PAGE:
Tesla is forcing its workers to sleep on the floor of its Shanghai factory as Elon Musk’s carmaker restarts production in China amid a stringent Covid lockdown.
The company is providing staff with sleeping bags and mattresses as they are forced to live at the plant as part of the Communist state’s “closed-loop” lockdown regime.
In a memo to staff, Tesla laid out stringent guidelines for those returning to the factory including three Covid tests a day, having their temperature checked twice daily and washing their hands four times a day, Bloomberg reported.
It comes after officials in Shanghai encouraged companies to restart production after it was halted by the city’s draconian with closed-loop systems in which workers live on site.
More than 600 firms have restarted operations, including Quanta, which makes laptops for tech giant Apple.
Tesla’s staff will be provided with three meals a day and be given an allowance of about 400 yuan (£48) a day.
However, considering the factory does not have any purpose-built dormitories, workers will be required to sleep on the floor in a designated area while other spaces, which are yet to be completed, will be allocated for showering, entertainment and dining.
Tesla also issued special travel certificates and arranged shuttle buses to bring staff back to the plant.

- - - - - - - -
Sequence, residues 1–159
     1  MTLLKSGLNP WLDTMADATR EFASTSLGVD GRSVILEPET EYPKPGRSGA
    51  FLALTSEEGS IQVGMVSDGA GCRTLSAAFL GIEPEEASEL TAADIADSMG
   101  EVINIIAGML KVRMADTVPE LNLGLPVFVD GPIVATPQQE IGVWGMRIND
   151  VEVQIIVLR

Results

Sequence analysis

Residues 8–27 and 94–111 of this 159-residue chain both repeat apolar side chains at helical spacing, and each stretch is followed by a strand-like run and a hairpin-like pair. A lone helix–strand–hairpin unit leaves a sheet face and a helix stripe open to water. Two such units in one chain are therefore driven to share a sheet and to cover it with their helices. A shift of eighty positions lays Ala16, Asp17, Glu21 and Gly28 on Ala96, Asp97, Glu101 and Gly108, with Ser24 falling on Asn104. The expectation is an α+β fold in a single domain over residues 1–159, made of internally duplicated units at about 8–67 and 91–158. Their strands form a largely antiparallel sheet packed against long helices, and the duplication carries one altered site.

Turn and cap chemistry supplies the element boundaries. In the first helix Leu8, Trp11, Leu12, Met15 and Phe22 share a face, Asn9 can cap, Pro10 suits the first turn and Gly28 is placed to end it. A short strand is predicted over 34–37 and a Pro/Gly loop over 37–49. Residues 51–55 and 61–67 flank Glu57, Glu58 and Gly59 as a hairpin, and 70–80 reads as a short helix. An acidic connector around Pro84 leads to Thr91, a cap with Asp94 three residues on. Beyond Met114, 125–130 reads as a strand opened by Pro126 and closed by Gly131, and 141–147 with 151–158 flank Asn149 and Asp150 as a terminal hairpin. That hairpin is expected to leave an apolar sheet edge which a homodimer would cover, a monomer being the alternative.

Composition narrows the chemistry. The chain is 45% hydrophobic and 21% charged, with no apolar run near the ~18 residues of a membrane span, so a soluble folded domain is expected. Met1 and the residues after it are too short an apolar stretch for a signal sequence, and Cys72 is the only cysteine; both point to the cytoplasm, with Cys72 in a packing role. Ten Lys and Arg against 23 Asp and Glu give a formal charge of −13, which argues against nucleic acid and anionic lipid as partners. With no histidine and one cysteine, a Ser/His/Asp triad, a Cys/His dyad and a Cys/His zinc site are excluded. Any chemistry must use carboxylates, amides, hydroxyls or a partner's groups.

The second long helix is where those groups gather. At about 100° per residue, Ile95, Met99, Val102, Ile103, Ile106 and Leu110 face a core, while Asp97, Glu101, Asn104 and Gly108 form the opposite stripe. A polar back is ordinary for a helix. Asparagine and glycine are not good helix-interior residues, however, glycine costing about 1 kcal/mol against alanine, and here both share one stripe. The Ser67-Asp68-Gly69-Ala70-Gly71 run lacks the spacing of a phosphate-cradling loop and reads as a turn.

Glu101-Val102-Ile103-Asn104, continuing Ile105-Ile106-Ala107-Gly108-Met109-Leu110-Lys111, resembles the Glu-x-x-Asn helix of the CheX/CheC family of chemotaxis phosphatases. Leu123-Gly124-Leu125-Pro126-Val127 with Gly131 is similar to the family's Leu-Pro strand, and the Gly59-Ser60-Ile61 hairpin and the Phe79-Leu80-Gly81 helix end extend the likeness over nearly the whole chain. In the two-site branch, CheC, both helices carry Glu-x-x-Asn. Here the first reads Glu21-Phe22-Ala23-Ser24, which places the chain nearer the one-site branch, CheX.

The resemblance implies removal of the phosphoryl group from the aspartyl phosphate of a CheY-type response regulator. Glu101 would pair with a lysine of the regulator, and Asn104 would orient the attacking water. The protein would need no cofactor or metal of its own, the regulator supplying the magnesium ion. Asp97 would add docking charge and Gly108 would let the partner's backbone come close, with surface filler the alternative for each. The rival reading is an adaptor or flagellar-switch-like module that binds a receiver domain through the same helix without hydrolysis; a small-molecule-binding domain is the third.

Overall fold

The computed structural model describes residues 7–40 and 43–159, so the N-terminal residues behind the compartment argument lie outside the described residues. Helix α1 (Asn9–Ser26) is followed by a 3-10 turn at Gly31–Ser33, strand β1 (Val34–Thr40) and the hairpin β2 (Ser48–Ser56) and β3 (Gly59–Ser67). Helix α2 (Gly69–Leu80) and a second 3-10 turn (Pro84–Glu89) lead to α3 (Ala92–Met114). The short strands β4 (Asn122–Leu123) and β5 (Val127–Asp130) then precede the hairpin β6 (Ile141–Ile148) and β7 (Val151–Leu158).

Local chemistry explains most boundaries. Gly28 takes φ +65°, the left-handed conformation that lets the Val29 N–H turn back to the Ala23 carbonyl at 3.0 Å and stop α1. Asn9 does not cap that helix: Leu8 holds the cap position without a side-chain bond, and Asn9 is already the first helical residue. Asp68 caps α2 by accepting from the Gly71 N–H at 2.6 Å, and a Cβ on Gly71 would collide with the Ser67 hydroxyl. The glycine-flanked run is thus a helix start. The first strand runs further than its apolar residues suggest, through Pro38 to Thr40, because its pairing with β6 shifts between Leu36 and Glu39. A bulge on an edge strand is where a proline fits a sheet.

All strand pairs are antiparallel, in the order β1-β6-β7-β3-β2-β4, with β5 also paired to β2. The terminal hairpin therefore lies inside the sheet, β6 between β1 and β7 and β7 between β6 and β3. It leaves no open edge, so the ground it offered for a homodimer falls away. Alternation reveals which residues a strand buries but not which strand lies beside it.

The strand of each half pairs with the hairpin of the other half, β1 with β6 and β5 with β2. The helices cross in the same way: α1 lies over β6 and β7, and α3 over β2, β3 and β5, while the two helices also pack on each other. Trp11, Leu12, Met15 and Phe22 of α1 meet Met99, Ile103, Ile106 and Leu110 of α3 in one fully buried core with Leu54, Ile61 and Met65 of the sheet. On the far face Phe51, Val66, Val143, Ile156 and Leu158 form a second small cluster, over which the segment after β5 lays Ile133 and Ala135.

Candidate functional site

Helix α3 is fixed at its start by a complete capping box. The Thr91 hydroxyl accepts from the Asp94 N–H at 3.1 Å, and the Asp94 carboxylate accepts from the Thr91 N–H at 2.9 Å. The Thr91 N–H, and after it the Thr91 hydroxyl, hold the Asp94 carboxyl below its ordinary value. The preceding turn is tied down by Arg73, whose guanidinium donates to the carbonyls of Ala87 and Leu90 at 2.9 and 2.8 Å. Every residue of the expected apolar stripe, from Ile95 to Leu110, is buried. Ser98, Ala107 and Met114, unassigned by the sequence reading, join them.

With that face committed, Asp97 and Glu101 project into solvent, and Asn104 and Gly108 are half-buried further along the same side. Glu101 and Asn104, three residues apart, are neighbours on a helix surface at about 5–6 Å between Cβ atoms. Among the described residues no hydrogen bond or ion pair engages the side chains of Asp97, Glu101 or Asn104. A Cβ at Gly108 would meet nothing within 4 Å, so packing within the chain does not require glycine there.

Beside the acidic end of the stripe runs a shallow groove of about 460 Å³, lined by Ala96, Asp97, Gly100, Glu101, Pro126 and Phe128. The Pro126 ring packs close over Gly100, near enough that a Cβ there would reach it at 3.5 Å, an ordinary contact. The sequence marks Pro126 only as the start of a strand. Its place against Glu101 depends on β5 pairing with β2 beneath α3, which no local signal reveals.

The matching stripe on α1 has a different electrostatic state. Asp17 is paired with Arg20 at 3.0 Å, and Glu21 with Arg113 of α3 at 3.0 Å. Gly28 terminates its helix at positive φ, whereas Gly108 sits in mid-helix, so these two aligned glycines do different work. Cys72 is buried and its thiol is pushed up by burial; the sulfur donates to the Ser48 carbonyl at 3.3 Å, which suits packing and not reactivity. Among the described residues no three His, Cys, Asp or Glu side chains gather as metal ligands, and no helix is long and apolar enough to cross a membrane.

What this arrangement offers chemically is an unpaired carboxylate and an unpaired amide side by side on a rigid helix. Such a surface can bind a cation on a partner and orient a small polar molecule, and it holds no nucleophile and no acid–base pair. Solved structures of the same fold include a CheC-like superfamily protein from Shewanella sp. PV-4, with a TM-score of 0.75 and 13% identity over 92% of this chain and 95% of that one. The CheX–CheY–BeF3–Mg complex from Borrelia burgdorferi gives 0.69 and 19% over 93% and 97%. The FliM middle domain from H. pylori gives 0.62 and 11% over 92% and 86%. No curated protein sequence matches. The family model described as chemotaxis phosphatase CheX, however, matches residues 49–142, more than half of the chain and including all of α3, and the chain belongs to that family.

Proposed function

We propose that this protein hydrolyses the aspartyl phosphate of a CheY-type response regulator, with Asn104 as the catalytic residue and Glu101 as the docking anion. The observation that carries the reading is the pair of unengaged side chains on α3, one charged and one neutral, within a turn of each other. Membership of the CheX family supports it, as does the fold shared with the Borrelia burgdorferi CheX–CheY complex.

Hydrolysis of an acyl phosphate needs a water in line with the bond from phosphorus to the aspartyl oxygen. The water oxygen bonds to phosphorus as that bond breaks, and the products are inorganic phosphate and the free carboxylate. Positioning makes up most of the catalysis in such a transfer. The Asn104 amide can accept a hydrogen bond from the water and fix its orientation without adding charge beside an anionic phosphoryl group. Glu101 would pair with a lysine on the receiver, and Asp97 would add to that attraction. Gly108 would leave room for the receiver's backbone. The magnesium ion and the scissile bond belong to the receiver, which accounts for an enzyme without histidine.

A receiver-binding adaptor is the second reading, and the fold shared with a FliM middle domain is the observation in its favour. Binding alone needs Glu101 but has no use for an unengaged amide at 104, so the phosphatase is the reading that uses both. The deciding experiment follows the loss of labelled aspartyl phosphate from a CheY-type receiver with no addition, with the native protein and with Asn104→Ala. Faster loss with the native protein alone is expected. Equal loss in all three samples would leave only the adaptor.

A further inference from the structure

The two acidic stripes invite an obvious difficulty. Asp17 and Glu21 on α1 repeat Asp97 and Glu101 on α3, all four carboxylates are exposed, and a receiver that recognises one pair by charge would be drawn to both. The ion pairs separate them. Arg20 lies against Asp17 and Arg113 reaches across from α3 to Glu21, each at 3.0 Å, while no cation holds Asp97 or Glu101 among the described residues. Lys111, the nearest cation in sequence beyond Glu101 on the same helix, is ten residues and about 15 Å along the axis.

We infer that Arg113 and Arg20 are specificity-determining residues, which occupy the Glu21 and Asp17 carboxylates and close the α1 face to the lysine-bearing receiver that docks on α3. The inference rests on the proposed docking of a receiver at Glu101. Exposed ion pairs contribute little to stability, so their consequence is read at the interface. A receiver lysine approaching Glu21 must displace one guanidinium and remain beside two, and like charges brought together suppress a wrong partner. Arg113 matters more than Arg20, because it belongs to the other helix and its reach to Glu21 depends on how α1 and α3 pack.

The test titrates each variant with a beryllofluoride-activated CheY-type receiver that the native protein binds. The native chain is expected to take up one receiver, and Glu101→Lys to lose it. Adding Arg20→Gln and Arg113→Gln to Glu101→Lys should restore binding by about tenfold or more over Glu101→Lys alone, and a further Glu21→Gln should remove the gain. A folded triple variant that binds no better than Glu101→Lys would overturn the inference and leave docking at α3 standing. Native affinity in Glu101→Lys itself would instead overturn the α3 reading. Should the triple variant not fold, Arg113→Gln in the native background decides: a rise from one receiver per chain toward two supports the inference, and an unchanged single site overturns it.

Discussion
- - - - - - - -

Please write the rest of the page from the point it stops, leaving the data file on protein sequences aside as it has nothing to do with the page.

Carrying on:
Only workers who are double vaccinated and living in the lowest-risk residential areas will be allowed to re-enter the plant.
The extreme measures shed light on the lengths Communist officials are willing to go to as they continue to pursue a “zero-Covid” strategy despite virus cases continuing to soar.
The 25m people living in China’s main financial centre have struggled with a lack of steady food supplies, separation from family, poor conditions in quarantine centres and income loss.
Last week, Beijing said it had drawn up a “white list” of 666 firms in Shanghai that would be prioritised to reopen, which included Tesla and Volkswagen.
Tesla was contacted for comment.
Separately, Mr Musk posted a cryptic tweet that kept investors in the dark over the weekend about his audacious $43bn (£33bn) takeover bid for Twitter.
The billionaire entrepreneur posted a tweet that said “Love Me Tender”, which is the title of an Elvis Presley song.
However, experts deduced that the post could be a nod to a potential tender offer to Twitter’s shareholders for control of the company.
A tender offer would involve Mr Musk bypassing Twitter’s board and inviting its shareholders to directly sell their shares to him at a premium.
It came after Twitter’s board launched a “poison pill” wrecking tactic in an effort to scupper Mr Musk’s takeover bid.
Mr Musk also said that Twitter directors would not be paid for their services if he bought the company.
“Board salary will be $0 if my bid succeeds, so that’s ~$3M/year saved right there,” he tweeted.